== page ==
"I think [Tambellini] is a tremendous asset and I think he has been a tremendous asset for this organization. He's been loyal; he's had a variety of different experiences. I spoke to Steve today and I told him how important I think he is to the continuity of certain elements of the organization. I'm looking forward to him being a highly responsible, motivated partner in this."
Gillis will now take a few days to settle into his new position before diving head first into the on-ice and off-ice decisions at hand. There are many ifs, ands or buts surrounding the Canucks right now, which you can bet the new general manager will handle with the utmost care.
"I don't think anybody would be impressed if I came in here and took a bulldozer to this organization and made all kinds of change. I think these people need to be treated fairly, they need to be evaluated fairly, I need to get all the information about their capabilities and at that point we'll make decisions.
"[On the ice] I think this team needs to get faster, I think it needs more grit and I think it needs to be more competitive. We have a solid defence, solid goaltending, but there are a number of areas that need to be addressed. I think if they get addressed well, this team won't be far because teams are so flat now and there isn't a lot of separation. So a couple of very good decisions or a couple of really bold decisions might put this team in a position to win almost immediately. I'm hoping to be able to take advantage of those opportunities as quickly as we can."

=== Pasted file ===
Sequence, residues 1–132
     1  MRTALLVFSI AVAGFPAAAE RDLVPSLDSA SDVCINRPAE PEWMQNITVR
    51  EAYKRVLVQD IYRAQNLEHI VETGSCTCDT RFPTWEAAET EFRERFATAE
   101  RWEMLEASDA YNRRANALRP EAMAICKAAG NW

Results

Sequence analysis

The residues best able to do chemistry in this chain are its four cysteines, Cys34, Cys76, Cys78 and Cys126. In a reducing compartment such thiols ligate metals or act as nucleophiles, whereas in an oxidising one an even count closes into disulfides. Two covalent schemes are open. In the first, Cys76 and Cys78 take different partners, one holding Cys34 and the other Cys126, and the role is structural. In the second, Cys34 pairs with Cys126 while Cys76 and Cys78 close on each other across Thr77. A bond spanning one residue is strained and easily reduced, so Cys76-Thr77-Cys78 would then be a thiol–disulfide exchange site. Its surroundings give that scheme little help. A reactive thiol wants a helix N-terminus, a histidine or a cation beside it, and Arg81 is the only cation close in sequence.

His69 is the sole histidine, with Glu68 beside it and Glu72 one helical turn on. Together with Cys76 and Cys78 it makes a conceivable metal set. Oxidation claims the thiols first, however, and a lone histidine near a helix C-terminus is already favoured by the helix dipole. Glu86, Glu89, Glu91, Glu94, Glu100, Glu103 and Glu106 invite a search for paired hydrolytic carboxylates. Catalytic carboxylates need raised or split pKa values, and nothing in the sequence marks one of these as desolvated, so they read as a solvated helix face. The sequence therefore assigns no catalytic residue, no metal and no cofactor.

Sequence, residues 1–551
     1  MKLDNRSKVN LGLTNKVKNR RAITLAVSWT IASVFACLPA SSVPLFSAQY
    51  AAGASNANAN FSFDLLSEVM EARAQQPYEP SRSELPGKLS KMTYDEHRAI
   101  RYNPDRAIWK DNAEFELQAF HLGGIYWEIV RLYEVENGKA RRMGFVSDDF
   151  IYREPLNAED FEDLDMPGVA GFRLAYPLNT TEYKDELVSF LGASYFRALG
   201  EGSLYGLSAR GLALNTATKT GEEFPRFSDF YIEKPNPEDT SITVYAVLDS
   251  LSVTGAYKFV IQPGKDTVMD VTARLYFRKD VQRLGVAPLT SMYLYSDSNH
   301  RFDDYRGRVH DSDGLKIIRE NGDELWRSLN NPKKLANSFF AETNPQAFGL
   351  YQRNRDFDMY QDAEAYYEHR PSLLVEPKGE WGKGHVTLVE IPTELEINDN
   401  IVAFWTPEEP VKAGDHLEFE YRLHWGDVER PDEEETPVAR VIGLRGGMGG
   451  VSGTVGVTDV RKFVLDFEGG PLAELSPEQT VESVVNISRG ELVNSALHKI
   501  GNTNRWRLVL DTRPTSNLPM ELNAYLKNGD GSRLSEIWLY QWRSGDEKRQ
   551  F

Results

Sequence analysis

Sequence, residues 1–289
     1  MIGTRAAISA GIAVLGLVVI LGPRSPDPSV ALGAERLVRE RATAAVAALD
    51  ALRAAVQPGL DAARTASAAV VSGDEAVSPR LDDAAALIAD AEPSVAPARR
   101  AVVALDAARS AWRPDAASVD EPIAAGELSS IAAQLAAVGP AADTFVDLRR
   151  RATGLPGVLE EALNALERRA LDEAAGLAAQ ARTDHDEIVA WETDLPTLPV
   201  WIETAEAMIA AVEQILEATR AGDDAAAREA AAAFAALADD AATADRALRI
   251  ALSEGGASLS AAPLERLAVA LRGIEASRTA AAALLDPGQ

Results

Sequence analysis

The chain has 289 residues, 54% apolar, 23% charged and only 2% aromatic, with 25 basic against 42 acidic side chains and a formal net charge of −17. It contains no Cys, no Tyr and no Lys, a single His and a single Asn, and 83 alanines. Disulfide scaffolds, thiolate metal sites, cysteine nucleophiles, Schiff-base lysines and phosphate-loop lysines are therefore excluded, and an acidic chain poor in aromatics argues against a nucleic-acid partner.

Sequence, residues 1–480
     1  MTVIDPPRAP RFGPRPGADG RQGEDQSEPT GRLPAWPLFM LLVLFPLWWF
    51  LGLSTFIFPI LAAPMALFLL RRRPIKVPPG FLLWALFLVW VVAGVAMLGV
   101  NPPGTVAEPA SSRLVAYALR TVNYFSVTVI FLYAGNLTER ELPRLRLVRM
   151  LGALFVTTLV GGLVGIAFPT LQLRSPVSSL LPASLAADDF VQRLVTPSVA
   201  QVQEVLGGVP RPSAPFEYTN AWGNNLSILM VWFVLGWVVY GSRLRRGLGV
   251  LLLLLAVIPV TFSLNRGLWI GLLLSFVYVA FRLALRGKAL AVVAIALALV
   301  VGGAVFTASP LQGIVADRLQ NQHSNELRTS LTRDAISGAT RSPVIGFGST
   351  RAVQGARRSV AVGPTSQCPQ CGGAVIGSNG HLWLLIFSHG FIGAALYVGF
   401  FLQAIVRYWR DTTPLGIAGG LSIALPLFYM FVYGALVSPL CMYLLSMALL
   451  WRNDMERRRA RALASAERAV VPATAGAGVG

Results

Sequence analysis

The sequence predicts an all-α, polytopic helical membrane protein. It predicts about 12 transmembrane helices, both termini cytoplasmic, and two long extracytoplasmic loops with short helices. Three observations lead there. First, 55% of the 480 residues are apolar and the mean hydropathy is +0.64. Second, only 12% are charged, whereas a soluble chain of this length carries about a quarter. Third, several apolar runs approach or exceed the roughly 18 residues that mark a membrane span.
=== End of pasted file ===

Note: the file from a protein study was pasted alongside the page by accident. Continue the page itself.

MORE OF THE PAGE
One of the most important decisions Gillis is faced with is whether or not to re-sign Canucks captain Markus Naslund, whom he represented only a short time ago.
"Markus knew how passionate I was about representing him as effectively as I could, and he understands completely how passionate I have to be in representing this organization as effectively as I can moving forward. The decisions that we make about any player on this team are going to be based on his utility and his ability to compete and be a valuable asset in winning. That's not going to change with Markus or anybody else and Markus understands that completely. If we can't provide an environment here that makes perfect sense for him to be here, then he won't be here. If we can and it makes perfect sense for him to be here, then he'll be here."